Thunder Rift was one Colin McComb's early projects for TSR, published 1992, before his infamous Complete Book of Elves, of which he's issued a rather humorous apology.
Thunder Rift is a modular campaign setting. You can place Thunder Rift in just about any "standard" D&D world. I remember reading it and wanting to somehow include it in my Greyhawk Campaign. I'd imagined it somewhere in the Abbor-Alz, or maybe the Cairn Hills. But, my players never adventured there.
Thunder Rift derives its name from being a mountain valley where the roar of a waterfall can be heard at least faintly in most places. The rift itself is about 30 miles long, north to south, and 20 miles wide, east to west.
There's actually a lot packed into Thunder Rift's 32 pages. It's meant as a wilderness expansion to the basic D&D Boxed Set published in 1991. Apparently, all of the adventures in the boxed set started characters right at the dungeon. Thunder Rift provides beginning Dungeon Masters an example of what wilderness adventures could entail, but yet not overwhelming them with an entire campaign setting in a boxed set.
It accomplished its aim, in my opinion. It provides short descriptions of wilderness and settlement--enough to get an idea of what's there, but leaving room for the DM to expand as he or she sees fit. In the Gauntlin Forest, for example, elves face a perplexing situation as wild magic plays havoc on the landscape, altering terrain ("Streambeds mysteriously flow into nothingness...") and animals. Meanwhile, the Gloomfens used hold the site of a warrior's academy, but now the academy is in ruins, and the fens themselves are known for their poisonous gases. You even get a fairly comprehensive description (8 or so pages) of the Rift's major city, Melinir, which includes major NPCs, shops, and other places of interest.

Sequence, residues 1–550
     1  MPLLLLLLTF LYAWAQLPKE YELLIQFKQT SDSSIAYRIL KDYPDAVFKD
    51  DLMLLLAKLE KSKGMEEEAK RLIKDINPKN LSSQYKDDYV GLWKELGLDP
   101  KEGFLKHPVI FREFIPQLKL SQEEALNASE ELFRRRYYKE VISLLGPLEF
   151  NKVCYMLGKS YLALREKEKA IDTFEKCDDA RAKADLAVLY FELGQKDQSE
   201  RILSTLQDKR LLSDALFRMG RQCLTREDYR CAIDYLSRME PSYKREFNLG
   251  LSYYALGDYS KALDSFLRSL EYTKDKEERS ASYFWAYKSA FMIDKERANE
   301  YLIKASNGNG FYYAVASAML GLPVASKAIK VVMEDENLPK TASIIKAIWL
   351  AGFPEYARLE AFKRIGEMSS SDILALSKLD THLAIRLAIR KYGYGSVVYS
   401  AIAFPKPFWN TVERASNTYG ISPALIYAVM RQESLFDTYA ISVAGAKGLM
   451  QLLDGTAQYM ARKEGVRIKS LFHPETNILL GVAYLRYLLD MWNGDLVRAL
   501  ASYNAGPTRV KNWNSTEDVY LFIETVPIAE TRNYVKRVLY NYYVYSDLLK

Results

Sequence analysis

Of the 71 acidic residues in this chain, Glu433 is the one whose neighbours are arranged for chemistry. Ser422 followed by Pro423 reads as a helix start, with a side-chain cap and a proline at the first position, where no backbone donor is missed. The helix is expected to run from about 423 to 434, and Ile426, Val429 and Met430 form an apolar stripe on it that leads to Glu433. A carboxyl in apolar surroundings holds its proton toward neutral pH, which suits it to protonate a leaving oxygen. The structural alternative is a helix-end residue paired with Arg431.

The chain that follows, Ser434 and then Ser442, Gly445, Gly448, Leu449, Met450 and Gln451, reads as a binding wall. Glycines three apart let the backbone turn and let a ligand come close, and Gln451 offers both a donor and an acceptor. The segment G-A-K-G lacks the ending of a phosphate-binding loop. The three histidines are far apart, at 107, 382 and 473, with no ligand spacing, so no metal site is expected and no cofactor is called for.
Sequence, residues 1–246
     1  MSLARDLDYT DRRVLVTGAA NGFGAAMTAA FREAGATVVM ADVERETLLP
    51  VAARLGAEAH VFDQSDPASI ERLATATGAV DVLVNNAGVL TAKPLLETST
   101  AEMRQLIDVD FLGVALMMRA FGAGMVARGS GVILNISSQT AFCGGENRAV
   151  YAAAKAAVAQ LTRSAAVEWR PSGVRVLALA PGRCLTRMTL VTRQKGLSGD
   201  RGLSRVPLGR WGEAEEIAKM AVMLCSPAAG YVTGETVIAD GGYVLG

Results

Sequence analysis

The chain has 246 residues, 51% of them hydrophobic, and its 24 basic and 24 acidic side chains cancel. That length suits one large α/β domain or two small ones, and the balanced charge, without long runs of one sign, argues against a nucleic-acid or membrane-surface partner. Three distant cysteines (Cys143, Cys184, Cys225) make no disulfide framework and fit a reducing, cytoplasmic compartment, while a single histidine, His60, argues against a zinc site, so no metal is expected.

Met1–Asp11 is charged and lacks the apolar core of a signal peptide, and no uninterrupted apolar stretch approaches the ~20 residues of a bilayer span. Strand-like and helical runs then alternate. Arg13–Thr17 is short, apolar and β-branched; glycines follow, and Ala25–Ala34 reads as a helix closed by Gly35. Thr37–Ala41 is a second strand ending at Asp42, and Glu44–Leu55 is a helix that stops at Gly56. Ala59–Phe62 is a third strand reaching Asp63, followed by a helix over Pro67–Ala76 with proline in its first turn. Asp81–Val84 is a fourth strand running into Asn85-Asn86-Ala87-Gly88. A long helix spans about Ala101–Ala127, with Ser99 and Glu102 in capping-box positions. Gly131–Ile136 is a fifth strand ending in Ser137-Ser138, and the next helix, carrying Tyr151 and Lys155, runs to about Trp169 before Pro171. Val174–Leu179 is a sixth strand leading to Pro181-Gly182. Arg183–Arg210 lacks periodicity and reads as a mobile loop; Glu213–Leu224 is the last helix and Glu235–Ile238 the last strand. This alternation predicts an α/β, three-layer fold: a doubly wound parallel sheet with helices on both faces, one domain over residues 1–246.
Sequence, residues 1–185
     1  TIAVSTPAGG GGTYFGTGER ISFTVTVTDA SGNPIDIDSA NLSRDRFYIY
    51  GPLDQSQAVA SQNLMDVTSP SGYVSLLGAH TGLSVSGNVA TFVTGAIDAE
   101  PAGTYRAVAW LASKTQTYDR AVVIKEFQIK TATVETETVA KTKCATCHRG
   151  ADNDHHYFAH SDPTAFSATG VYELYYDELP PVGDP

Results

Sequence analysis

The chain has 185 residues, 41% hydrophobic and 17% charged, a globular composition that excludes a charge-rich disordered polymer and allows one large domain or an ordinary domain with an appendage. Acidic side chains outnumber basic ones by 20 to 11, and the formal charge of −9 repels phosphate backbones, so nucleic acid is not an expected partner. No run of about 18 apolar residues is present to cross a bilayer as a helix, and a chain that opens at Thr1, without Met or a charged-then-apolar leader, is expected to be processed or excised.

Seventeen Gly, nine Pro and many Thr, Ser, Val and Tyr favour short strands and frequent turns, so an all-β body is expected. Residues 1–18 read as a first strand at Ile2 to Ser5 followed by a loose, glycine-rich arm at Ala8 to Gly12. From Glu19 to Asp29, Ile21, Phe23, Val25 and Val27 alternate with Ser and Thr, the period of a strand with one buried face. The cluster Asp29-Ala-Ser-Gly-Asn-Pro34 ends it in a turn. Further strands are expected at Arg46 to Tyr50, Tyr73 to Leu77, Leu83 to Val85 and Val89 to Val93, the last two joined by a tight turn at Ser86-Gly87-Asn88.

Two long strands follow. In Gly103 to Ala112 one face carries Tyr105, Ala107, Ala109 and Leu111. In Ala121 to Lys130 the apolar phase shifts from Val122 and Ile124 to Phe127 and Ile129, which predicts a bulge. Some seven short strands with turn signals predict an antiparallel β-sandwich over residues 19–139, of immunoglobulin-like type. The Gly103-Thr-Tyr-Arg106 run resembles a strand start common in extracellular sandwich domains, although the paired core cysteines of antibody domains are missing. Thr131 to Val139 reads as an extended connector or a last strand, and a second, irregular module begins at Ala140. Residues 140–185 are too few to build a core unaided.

Overall, the material is presented well, in a clear, easy-to-read manner, perfect for beginner DMs. You even get a large full-color poster map of the Rift. There's only one major error that I found. Apparently, Melinir is a city of only 200 people
Some might turn their noses up to Thunder Rift's simplicity, but I think its simplicity is its greatest strength. When it comes to campaign settings, any DM really doesn't need to know much more than the area the PCs are exploring. I think fully-developed campaign settings can be overwhelming at times. Colin McComb delivered a mini-campaign setting, complete with a history and plenty of interesting adventuring sites.
Thunder Rift also has some adventure modules written specifically for it. This include Assault on Raven's Ruin, and The Quest for the Silver Sword (and others). Both are worth picking up, at least for their colorful battlemats. The big D&D boxed sets, The Dragon's Den, The Goblin's Lair, and The Haunted Tower if I recall are also set in Thunder Rift, but I am not familiar with them.
I wish I'd gotten more use out of the Thunder Rift. It's a neat little setting.
Presentation: 9 out of 10
Creativity: 7 out of 10
Utility: 8 out of 10
Get this if... you're a beginner DM who doesn't want to bother with designing his or her own region for your games, or if you just want to complete your Basic Dungeons & Dragons collections.
Don't get this if... you have no problem designing your own wilderness areas, complete with its own history, towns, etc, or if you don't like a really generic D&D setting.